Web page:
A Homeland in the Southwest

Where can you go when the world turns against you? The farthest corner of the farthest island?

Critchley Parker (1911-42) was the son of a Melbourne mining magazine publisher, Frank Parker. Frank had been a very visible and public figure in his day, playing a major part in the conscription debate and election campaign of 1917. A fervent pro-conscriptionist, Frank displayed inflammatory posters in his windows and used his magazine, now the Australian Statesman and Mining Standard, to attack anti-conscriptionists and Irish Catholicism.

Rather unexpectedly Critchley Parker, a young upper middle class Anglo Saxon Christian, became a friend of the Jewish people by seeking to find a Jewish homeland in Australia. This was not as strange as it may seem.

The Kimberleys in the remote, NW corner of Australia had already been seriously considered as a possibility for a Jewish safe haven. In 1933 Dr Isaac Steinberg and his London-based Freeland League selected the Kimberleys as a place to purchase agricultural land; this was where 75,000 Jewish refugees from Europe could be reset­tled, a few years before the Holocaust even emerged. This effort became known as the Kimberley Plan and was based on the Australian governments officially-declared need to populate The North. Alas that possibility faded when the Australian Federal government later decided not to support the idea.

Critchley Parker believed a better alternative could be found in Port Davey, a rugged part of SW Tasmania. If Tasmania is the most isolated part of Australia (and the world), Port Davey is one of the most isolated parts of Tasmania. But perhaps that was the very appeal of the place to Parker.

Why did Critchley Parker get involved in a struggle that was not his own?

Helen Light (1) suggested three motives:

1] a genuine concern for the refugees,
2] a keen interest in Tasmania’s economic development and
3] his attachment to Caroline Isaacson, a journalist on Melbourne’s most important newspaper and a Jewish activist.

In 1941 Parker finally met Dr Steinberg, the Russian politician who had initially arrived in Australia to discuss the Kimberley Plan. (Pictured) Together Parker and Steinberg set off to explore the area around Port Davey in Tasmania, without detailed plans but with great enthusiasm.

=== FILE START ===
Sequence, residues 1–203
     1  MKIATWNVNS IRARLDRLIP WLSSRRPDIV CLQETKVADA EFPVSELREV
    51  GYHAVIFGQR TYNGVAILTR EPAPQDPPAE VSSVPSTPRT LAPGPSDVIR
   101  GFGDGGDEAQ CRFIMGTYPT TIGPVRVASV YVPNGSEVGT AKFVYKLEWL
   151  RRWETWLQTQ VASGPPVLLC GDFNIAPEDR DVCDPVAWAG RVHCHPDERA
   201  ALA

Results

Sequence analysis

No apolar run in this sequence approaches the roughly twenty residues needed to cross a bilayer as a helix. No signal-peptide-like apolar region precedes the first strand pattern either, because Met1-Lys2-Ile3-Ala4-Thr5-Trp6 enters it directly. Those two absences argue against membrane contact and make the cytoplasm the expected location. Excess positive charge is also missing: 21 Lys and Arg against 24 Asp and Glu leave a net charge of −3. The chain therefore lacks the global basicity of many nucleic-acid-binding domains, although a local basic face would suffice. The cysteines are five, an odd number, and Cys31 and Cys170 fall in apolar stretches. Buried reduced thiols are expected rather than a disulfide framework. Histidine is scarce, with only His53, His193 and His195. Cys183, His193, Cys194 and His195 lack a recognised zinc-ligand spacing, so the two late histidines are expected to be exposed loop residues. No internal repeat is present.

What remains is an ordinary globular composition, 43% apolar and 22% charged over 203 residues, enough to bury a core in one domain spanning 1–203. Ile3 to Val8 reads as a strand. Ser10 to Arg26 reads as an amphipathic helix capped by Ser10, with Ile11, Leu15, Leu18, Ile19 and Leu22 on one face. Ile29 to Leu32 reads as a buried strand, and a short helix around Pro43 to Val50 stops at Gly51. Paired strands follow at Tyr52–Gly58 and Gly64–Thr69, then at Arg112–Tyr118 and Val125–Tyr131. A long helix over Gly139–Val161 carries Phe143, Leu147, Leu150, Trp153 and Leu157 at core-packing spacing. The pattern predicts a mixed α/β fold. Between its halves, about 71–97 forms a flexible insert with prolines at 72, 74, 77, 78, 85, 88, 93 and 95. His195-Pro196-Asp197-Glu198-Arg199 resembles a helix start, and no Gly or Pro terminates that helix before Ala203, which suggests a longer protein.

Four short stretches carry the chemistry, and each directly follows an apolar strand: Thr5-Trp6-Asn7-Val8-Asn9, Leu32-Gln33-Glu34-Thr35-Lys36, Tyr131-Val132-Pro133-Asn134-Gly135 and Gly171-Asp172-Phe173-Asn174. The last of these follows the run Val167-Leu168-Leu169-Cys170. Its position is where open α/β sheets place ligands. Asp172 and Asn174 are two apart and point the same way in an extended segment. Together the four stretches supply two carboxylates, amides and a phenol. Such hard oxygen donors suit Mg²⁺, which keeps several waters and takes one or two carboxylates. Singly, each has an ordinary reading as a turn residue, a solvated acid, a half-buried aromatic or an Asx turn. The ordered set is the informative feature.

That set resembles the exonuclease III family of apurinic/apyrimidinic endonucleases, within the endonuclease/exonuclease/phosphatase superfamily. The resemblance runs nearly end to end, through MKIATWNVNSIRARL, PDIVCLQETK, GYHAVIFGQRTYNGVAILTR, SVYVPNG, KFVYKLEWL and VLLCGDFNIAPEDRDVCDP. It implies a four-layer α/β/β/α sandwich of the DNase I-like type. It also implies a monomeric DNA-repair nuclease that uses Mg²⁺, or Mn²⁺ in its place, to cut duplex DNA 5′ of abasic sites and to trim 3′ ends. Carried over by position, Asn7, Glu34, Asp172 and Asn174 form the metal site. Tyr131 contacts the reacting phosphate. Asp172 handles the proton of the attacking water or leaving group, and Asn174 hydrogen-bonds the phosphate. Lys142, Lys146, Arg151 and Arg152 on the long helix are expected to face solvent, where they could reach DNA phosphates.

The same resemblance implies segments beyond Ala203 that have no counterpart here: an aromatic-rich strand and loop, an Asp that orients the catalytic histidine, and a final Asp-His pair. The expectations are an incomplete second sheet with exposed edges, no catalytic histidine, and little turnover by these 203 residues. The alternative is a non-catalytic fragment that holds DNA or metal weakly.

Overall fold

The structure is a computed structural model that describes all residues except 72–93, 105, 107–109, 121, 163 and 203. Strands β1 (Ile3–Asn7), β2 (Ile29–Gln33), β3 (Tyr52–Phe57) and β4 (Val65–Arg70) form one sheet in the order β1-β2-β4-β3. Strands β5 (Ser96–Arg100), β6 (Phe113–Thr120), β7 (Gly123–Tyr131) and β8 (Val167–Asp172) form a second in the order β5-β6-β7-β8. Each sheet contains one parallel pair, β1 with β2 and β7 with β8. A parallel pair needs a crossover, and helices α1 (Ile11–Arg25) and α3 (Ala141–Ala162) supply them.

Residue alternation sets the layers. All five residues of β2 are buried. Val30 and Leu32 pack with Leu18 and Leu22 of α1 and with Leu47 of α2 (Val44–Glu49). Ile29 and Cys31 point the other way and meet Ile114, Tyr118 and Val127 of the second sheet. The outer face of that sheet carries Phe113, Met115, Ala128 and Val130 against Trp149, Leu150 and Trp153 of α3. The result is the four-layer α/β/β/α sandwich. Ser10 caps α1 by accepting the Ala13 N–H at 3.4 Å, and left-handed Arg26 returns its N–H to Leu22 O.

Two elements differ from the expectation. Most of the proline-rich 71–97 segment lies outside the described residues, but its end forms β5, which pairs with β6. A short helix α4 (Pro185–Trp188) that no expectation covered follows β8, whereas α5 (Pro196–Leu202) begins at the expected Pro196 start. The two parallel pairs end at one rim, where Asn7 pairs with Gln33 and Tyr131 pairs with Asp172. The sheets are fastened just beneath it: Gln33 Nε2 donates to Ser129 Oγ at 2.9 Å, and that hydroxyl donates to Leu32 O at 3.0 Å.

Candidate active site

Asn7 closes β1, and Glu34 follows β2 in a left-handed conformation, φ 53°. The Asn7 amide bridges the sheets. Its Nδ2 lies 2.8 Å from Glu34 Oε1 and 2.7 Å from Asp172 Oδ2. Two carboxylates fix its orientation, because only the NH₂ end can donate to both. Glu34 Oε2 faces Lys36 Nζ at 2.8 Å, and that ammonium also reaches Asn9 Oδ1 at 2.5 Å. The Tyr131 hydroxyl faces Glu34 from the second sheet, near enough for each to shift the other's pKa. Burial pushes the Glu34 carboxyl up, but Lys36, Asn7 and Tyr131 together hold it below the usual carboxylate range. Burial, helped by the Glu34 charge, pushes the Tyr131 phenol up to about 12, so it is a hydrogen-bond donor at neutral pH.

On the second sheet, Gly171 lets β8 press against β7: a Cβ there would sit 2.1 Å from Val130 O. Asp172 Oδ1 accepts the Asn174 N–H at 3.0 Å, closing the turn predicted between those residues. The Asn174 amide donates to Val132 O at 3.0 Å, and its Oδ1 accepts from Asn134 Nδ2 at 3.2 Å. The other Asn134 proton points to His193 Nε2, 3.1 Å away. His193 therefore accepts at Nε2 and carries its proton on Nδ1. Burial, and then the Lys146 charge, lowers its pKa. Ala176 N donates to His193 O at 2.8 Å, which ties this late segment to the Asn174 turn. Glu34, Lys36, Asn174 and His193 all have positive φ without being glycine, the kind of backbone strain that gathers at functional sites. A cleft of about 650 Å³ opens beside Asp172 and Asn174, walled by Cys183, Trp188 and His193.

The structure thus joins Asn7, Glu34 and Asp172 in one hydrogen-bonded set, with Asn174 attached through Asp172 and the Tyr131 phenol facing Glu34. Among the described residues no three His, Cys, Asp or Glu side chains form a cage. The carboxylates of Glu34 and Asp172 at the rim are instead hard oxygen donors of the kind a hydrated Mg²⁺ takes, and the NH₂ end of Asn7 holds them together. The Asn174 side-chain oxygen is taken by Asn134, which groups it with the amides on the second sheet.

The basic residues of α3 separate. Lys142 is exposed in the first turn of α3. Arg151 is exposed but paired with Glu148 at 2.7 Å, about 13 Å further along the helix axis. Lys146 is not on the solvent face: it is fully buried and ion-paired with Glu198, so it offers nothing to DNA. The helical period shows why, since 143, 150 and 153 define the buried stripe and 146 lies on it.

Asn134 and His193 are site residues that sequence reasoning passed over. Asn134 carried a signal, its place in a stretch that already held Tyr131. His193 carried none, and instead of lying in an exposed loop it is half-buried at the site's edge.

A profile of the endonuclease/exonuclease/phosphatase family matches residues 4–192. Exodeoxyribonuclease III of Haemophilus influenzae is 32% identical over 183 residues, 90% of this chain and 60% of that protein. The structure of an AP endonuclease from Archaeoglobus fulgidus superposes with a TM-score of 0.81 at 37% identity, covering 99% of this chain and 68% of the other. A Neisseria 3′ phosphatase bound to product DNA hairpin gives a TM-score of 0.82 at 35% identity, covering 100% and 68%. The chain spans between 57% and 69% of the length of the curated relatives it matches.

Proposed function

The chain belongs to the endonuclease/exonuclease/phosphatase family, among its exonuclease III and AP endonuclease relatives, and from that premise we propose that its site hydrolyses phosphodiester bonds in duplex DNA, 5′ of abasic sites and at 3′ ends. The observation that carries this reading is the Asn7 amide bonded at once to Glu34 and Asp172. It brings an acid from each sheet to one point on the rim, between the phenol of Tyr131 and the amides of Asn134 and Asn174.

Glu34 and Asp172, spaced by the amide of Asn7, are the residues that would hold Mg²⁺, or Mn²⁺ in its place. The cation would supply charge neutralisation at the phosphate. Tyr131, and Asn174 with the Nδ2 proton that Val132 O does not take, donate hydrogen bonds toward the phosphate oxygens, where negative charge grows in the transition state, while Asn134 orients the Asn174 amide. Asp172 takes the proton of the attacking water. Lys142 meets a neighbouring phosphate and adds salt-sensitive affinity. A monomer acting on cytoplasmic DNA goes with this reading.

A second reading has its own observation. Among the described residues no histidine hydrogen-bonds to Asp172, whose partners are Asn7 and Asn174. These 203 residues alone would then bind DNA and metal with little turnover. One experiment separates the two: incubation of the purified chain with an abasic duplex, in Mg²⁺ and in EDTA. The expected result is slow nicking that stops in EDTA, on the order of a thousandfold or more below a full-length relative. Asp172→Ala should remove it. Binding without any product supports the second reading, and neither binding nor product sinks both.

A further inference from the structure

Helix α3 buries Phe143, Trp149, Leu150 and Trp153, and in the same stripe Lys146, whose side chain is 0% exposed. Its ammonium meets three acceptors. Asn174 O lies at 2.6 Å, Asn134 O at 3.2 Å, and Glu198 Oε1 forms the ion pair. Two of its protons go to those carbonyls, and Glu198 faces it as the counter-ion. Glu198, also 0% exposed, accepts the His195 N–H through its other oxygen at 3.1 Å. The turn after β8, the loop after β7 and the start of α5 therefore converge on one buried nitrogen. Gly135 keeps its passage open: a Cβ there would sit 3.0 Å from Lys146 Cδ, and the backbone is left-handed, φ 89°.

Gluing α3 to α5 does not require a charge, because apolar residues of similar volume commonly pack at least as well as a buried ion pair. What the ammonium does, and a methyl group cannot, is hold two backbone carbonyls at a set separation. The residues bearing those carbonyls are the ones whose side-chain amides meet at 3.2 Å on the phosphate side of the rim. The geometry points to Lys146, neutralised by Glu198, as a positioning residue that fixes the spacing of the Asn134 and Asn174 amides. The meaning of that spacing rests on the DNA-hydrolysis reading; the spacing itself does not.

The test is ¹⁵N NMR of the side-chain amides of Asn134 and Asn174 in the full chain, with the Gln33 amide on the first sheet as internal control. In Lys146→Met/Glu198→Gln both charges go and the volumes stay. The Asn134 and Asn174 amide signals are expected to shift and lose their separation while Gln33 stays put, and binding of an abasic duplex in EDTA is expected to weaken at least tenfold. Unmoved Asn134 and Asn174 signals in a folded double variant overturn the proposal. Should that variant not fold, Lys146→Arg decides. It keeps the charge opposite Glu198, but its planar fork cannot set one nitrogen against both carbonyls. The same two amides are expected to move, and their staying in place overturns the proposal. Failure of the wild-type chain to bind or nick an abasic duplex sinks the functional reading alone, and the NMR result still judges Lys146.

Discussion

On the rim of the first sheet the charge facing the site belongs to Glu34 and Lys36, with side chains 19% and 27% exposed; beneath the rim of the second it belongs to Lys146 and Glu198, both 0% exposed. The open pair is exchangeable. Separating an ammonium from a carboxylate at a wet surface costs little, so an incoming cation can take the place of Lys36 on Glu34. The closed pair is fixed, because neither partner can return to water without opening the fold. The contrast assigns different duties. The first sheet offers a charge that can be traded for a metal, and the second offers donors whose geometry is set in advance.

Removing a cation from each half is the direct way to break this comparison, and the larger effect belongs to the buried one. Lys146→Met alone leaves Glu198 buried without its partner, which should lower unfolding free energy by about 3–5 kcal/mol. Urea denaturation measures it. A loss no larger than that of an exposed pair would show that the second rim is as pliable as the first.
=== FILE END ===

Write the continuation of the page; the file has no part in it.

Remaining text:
On arrival, they approached the state premier, AG Ogilvy Robert Cosgrove(1939-47) who graciously welcomed the proposal; an official visit for Parker, Steinberg, Isaacson and a team of experts got underway.But 1941 was not a great year for radical proposals. The war with Japan was looking hopeless and Britain, as it turned out, could not even defend Singapore. Worse still, the Americans were not likely to become involved in World War Two at that stage. Any notion of an Australian Jewish Settlement was not given high priority in late 1941.

The issue for Jews was beyond desperate by 1941. The Germans were already well along the path of the total extermination of Jewish communities throughout central and eastern Europe. So in March 1942 Parker set out to survey his proposed homeland site in Tasmania’s remote and rugged south west. The area around Port Davey is some of the bleakest coastline in the world. There are still no roads, no towns, no people – just sheer peaks, gorges, wild rivers and wild weather. It was, and is a vast landscape.

On this journey, staff dropped him at the foot of Mount MacKenzie and told him to light a fire if he needed help. After two days, when the gales rolled in, Critchley returned to his tent and signalled for help. In doing so he used up all his matches. No help came. He retired to his tent, totally alone, and existed for three weeks on water and aspirin. He tragically died, but the notebooks and letters that he had in his tent survived. The documents included his hopes for Jewish settlement in the area, probably to be modelled on Russian collectivism.

The only writer I can find who thought Critchley Parker’s dream to save Jewish lives was not valuable was Pip McManus (2). She said Parker was a wealthy eccentric with an abiding passion for the development of the Tasmanian frontier, a deluded romantic bent on fulfilling his own neo-biblical prophesies of a New Jerusalem. Parker disregarded the advice and aspirations of his colleagues and perished, as the result of his own obsessive failings. She saw Parker’s plans to create a safe homeland for his (McManus’ word) Jewish refugees, devoid of conservationist values, as more suited to a script from a reality TV survivor programme.

The plans were doomed, as indeed were contemporary Jewish attempts to peacefully settle the Holy Land. Tasmania and Israel were both Unpromised Lands.Other Christian Australians, if they know the story of Parker at all, read it as a brave but hopelessly romantic Australian explorer who died tragically a la Burke and Wills eg Wilson’s Blogmanac (3). Jewish Australians, if they know the story, see Parker as an amazing human being. He was a Christian who went to extraordinary lengths to rescue Jewish lives from the German crematoria during the worst years of WW2.

The case is well argued in Philosemitism blog and in The Age’s Saturday Review (4).In Parker’s story, Helen Light teased out all the elements of the Tasmanian story – promise of a haven, wild landscape, dream and vision, conflict between the establishment of a settlement and concomitant industry, and its inevitable impact. A great adventure and a tragic end. I would add desperate and romantic energy in the face of an impending Holocaust on one hand vs benign neglect on the other.It is interesting that in these hideous days of pushing asylum-seeker boats back out to sea, Tasmanian politicians proudly champion those seeking asylum in their state.




Port Davey